One of the genius decisions Maria Semple made in drawing her characters was to make none of them wholly sympathetic or wholly antipathetic. Bernadette is seriously annoying, Audrey is not as evil as you think, Bee is no saint. That makes them all seem so much more human, even when drawn as broadly, for comic effect, as Audrey and Soo-Lin. So, choose a favorite? Maybe another way to phrase this is, by the end, I love them all as characters.
Voices. That's the most common answer to this question. Whether that's good or bad is open to interpretation and matters of taste. They all work, but Bee's voice, which is the most used because she narrates all the in-between bits and the Antarctic trip that makes up most of the last couple of hours, can be too much to take in big doses. I hate to criticize Wilhoite for this, having had the exact opposite critique of the narrator of The Hunger Games -- I think she nails Bee's voice, but it's just too much to take in big doses.
Bernadette, obviously, Just say one short phrase, any phrase, and then sit back and listen to her rant and rave endlessly about the subject, and digress into myriad other subjects that get her goat (and then finish up her dish, since she'll lose her appetite ranting away). Well, that's a big part of this book, Bernadette's skewed world view, that's the love-it or hate-it part which most people, myself included, seem to love. The only problem would be getting her to go out to dinner, since she's agoraphobic and now resides in Antarctica.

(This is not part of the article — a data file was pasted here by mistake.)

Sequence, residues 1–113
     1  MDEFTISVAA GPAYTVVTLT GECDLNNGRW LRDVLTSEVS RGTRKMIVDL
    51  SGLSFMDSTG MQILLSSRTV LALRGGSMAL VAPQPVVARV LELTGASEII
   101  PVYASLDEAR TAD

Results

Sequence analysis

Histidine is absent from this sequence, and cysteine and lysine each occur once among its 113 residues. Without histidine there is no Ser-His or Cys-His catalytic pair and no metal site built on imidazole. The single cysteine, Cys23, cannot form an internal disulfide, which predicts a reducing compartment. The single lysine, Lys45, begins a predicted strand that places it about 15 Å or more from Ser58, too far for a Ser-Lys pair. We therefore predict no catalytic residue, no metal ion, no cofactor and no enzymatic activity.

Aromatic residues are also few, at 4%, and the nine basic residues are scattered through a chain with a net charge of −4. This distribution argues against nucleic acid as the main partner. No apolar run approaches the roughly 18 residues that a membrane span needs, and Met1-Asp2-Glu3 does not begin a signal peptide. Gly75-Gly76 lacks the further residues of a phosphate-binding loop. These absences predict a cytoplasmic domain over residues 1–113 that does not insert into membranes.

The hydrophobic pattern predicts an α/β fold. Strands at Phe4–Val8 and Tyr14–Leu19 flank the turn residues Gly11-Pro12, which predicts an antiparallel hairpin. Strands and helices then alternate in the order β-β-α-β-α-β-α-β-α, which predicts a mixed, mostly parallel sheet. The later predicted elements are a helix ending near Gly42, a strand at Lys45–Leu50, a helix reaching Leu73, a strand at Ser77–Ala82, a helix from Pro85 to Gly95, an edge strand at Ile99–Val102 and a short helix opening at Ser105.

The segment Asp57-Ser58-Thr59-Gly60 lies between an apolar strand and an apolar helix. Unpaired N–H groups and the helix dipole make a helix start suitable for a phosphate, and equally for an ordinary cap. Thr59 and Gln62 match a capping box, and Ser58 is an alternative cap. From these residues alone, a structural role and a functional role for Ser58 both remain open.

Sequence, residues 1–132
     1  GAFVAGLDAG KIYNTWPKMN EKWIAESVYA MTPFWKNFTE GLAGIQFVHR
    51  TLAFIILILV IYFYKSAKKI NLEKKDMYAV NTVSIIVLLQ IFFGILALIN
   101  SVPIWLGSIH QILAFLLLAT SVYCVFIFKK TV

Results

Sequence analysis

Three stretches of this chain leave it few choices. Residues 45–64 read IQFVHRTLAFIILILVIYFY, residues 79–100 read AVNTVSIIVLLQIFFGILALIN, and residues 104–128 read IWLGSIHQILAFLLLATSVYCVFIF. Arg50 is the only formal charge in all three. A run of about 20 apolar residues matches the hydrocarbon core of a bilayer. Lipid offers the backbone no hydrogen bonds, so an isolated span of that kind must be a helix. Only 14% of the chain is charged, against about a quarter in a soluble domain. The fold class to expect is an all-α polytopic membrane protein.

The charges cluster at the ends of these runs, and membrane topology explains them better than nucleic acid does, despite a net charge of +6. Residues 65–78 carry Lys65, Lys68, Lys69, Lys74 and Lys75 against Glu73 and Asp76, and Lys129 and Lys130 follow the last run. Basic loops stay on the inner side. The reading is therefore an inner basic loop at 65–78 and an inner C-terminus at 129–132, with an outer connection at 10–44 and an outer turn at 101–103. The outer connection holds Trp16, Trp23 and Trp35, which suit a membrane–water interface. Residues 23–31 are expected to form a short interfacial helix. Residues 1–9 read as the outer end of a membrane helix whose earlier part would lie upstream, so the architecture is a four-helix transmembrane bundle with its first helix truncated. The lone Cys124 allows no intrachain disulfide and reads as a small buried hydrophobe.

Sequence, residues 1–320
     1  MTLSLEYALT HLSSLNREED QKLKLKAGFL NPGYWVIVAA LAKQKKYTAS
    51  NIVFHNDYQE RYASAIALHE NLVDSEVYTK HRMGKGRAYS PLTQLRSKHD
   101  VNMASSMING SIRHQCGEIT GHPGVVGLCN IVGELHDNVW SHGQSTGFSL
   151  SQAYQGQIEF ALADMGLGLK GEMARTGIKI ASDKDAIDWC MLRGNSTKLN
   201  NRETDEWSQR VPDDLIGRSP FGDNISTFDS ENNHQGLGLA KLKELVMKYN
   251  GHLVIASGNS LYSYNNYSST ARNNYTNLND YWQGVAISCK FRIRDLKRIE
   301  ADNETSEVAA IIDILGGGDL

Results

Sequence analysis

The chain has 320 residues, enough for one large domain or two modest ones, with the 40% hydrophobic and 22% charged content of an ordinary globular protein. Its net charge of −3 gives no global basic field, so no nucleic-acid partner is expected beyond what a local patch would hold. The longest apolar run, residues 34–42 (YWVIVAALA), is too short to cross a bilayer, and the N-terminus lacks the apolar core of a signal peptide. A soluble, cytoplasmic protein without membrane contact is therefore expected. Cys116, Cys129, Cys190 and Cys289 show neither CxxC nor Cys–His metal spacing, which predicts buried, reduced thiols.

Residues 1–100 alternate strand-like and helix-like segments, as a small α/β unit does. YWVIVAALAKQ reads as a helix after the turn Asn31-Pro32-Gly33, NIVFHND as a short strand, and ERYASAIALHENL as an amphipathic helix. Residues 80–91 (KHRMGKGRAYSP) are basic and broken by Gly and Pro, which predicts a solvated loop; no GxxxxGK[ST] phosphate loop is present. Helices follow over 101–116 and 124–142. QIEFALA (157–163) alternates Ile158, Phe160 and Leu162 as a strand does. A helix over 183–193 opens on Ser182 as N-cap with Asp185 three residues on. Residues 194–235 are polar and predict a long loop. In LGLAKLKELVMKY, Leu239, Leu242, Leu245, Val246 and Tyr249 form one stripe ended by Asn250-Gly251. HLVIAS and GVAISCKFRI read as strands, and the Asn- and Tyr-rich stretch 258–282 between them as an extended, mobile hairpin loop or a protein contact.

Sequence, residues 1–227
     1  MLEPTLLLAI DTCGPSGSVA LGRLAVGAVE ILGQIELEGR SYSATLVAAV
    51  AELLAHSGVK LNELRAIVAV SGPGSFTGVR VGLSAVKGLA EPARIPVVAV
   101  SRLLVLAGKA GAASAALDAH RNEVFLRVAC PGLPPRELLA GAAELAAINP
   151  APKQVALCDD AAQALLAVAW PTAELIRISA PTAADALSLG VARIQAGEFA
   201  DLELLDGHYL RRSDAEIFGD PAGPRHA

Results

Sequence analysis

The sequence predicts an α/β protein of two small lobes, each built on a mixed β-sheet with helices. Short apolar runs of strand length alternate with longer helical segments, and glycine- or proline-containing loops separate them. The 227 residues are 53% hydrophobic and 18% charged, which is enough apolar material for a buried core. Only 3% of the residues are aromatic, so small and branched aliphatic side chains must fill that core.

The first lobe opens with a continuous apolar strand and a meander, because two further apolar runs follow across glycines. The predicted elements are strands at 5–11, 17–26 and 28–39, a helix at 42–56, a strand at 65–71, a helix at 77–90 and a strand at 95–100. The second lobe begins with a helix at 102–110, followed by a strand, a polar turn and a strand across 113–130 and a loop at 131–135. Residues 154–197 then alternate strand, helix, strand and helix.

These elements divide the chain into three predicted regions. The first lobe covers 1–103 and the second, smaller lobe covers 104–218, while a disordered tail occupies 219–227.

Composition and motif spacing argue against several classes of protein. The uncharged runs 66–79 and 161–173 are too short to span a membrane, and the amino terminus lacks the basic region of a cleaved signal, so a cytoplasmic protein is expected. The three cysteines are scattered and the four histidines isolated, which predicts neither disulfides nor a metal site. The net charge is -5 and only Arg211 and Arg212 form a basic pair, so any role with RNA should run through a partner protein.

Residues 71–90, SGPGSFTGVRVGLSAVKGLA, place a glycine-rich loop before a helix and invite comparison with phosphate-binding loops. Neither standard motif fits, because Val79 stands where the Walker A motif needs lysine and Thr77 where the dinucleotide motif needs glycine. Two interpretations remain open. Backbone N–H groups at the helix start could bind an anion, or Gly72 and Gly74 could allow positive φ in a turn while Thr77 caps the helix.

Held my attention from the beginning. A fun listen. The storyline follows the mysterious disappearance of a mother and wife of an intellectual, earth-aware, family. But the real mystery is trying to figure out what is making the eccentric Bernadette tick.
Anglophile. Prefer only British fiction and mysteries. Good translations of Italian, too.
Yes. It is humorous, but also has a bite to it. The central characters are developed and fully formed.
Bea, the daughter, was delightful, as was the mother.
Probably not. I did not like how her voice went up and down so much and I kept having to turn the volume down, I thought she went overly-dramatic at times and it distracted from the prose. I don't want a stage production.
I liked the mother's descriptive prose about coming alive in Antarctica.
It was wonderful the main character was a cutting edge architect and a woman.